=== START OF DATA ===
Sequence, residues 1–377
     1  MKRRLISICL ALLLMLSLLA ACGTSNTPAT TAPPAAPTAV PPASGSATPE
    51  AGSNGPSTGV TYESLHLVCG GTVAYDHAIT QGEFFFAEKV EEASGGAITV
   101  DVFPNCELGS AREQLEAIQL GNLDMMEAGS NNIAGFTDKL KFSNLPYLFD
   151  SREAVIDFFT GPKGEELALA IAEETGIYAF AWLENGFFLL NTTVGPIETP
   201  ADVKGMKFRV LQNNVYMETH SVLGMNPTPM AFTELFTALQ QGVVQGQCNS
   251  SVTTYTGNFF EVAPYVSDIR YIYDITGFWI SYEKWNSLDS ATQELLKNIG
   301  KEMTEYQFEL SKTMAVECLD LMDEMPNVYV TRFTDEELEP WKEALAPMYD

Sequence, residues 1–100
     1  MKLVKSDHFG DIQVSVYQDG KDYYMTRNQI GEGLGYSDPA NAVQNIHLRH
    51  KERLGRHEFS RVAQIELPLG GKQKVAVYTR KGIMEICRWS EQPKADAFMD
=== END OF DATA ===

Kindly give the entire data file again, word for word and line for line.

Sequence, residues 1–377
     1  MKRRLISICL ALLLMLSLLA ACGTSNTPAT TAPPAAPTAV PPASGSATPE
    51  AGSNGPSTGV TYESLHLVCG GTVAYDHAIT QGEFFFAEKV EEASGGAITV
   101  DVFPNCELGS AREQLEAIQL GNLDMMEAGS NNIAGFTDKL KFSNLPYLFD
   151  SREAVIDFFT GPKGEELALA IAEETGIYAF AWLENGFFLL NTTVGPIETP
   201  ADVKGMKFRV LQNNVYMETH SVLGMNPTPM AFTELFTALQ QGVVQGQCNS
   251  SVTTYTGNFF EVAPYVSDIR YIYDITGFWI SYEKWNSLDS ATQELLKNIG
   301  KEMTEYQFEL SKTMAVECLD LMDEMPNVYV TRFTDEELEP WKEALAPMYD

Sequence, residues 1–100
     1  MKLVKSDHFG DIQVSVYQDG KDYYMTRNQI GEGLGYSDPA NAVQNIHLRH
    51  KERLGRHEFS RVAQIELPLG GKQKVAVYTR KGIMEICRWS EQPKADAFMD